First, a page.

Civil Liberty, Christian Liberty, Advocacy, and Faith: Comments from an Attorney
The accused, disadvantaged, under-financed, and most at-risk people pose the greatest demand for adherence to the Rule of Law. Our laws of society serve a simple role in the final analysis: to try to keep humans from killing one another in the streets.
Regardless of its form, the law endeavors to prevent, reduce, or resolve conflicts. This aim takes several shapes including laws that prohibit criminal actions, prescribe civil remedies, assist the needy and sick, and tax laws to finance governance, services, and policing.
The law’s purposes inform my work as one who studies, uses, argues, and strives to change laws each day. Much of our law is the product of selfishness, narrowness, thoughtlessness and laziness. At the same time people know, innately, that they need laws. They also naturally tend to rebel when that need is personally inconvenient. Given both of these conditions, misunderstanding abounds about the law.
But the gentle challenges of legal advocacy can move people from our inward selfish views to outward other-centeredness. Sometimes those gentle challenges must confront an entire society. To the observer in the moment of a legal and social challenge, the dispute may seem fierce. But in the context of history and alternatives to the Rule of Law, we recognize the gentleness of the law.
Whether legal advocacy tugs gently at a single judicial issue, or pulls at the inertia of a larger society, advocacy is about the mores and folkways of organized society—of civilization. Advocacy gives life to the law, and without its constant challenges the law quickly stagnates and fails from neglect.
The need for advocacy is not intuitive. Its impact is not predictable and is often not successful in a particular event or case. The advocate needs faith; without faith the work quickly overwhelms the practitioner and burns out the spirit within.
Faith’s spark ignites fire in the advocate. It gives birth to a change agent! When this occurs, the law as a process dawns in another life. The process is endless. The social contract of human life in communities, doing things with and for one another, requires teaching and practice. It is challenged by excesses: they range from excess criminality to excess religiosity. (Consider this morning’s news stories for examples of both.)
The human being is not governed by the species-specific behavior of other creatures. We don’t operate with such automatic biological controls, and our responses to the “deadly sins” such as lust, envy, and rage too often lead to death. Still, there is redemption from these traits. Only the human creature seems capable of faith, hope, and a sense of justice. And only the human animal so thoroughly vilifies each of these when overcome by one of our many forms of selfishness.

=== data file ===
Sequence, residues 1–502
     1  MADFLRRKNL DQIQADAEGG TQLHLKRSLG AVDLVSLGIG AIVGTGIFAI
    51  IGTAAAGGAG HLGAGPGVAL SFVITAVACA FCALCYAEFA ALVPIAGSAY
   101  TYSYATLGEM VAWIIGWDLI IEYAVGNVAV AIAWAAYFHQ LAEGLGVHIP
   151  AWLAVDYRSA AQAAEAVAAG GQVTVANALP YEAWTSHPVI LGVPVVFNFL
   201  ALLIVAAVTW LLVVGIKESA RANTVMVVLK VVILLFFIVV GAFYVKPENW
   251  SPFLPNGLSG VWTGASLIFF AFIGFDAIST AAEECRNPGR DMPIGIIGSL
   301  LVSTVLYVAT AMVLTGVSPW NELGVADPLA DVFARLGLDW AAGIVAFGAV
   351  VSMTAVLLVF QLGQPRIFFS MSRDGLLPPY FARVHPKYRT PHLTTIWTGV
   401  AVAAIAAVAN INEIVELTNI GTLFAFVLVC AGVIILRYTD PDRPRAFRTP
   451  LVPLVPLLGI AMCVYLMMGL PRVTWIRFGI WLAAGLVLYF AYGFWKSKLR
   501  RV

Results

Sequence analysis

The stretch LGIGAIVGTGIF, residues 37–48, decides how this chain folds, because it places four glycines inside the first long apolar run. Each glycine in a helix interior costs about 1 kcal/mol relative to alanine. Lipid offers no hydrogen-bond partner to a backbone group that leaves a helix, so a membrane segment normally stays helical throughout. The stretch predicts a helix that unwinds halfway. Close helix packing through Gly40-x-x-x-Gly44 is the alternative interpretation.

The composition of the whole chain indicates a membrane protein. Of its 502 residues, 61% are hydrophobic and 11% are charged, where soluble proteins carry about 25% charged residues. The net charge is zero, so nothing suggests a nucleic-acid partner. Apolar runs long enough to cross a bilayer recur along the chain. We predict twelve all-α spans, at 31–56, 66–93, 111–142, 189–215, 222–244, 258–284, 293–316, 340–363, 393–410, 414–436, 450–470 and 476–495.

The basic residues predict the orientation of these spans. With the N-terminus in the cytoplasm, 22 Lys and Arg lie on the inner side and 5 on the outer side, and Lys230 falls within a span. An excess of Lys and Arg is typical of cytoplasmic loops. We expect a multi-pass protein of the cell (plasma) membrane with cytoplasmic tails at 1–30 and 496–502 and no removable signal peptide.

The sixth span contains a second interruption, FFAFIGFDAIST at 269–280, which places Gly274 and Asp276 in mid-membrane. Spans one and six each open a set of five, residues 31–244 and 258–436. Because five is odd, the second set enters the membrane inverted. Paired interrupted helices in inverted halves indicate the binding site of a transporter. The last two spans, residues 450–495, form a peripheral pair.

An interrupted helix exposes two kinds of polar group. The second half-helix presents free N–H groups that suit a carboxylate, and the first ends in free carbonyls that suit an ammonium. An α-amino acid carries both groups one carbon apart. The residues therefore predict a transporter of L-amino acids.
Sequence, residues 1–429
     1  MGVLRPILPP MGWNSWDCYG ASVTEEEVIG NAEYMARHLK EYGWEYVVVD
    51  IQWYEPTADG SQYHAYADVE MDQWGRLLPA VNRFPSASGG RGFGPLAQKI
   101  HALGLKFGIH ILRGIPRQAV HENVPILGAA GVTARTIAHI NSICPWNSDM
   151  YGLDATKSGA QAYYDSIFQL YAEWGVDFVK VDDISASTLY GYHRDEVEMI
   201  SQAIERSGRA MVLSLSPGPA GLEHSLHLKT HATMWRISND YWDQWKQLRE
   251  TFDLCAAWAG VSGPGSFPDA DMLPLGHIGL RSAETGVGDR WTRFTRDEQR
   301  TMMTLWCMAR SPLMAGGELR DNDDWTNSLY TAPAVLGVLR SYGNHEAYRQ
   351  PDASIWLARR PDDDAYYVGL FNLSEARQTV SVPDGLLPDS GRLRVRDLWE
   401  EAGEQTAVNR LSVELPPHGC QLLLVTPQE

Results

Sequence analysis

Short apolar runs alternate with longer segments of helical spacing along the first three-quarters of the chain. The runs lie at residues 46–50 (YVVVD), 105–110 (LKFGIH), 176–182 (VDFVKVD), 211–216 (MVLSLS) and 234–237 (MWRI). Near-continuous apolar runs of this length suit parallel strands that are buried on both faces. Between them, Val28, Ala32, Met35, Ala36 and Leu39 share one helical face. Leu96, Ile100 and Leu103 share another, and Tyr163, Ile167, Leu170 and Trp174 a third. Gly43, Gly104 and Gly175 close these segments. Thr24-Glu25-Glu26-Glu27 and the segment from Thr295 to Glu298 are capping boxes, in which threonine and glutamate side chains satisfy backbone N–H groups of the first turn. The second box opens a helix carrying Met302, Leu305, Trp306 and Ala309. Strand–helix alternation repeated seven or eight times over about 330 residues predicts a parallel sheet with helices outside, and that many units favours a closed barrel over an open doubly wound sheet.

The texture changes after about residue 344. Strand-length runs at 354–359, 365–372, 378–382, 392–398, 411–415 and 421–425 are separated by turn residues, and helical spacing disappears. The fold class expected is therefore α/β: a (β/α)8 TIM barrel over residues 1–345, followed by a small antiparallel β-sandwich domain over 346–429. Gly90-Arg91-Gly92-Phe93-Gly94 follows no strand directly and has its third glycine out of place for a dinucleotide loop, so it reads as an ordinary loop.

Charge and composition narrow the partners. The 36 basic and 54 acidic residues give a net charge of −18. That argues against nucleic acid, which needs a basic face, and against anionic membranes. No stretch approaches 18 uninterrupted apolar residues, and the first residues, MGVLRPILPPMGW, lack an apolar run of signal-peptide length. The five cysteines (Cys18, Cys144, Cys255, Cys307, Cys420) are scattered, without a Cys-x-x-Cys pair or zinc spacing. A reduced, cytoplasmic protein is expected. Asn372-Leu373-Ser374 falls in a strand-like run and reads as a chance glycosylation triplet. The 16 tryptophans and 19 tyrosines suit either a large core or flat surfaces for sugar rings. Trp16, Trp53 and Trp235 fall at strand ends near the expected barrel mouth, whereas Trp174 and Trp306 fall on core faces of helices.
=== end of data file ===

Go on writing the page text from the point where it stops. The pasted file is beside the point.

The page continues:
Liberty for human flourishing in the civil realm exists when spiritually redemptive human traits out-perform the negative features of humankind. Prominent tools help achieve this: religion, education, and an interactive, representative government. These tools employ the law to do so. Religion offers legal constructs. (Consider God’s Sinai covenant with Israel.) Education advances the constructs. (Consider the priests and the prophets.) Representative government makes choices which wax and wane around opposing perspectives. (Consider Moses and Israel’s representatives, Exodus 18:13-27.) And often, the choice is about how to reach a common goal, not what the goal should be.
Our social life of liberty consists of freedom to engage in decisions about the wrinkles and creases of the social contract. It sustains space for debate and decisions through its success at limiting conflict among people. More conflict: less time for good decisions. Poor decisions: more conflict. Thus, the human practice of law is a search for my own soul as an expression of my own dignity measured by my devotion to the cause of basic human rights.
Natural Law, positive law, religious creeds, and philosophies of government always, in the end, fail without commitment to a simple idea: reciprocity, that is: “Do unto others as you would have them do unto you” (the golden rule, Matthew 7:12). Achieving reciprocity as fully as possible is the core of civil liberty. Reciprocity liberates; absence of it enslaves. Every religion and civilization knows this and must constantly advocate for reciprocity and guard against extremists who claim to have possession of “the only answer.”
The legal advocate must have abiding faith that persistent remonstrance for reciprocity makes a difference in this world—in one life, and in many more. I have observed this much, and continue to watch for more.
David A. Domina
Domina Law Group pc llo
Mr. Domina’s law practice is exclusively trial and appellate work and has included trial of the two impeachments in Nebraska history and representation of Nebraska landowners in their pivotal role to halt the TransCanada Keystone Pipeline.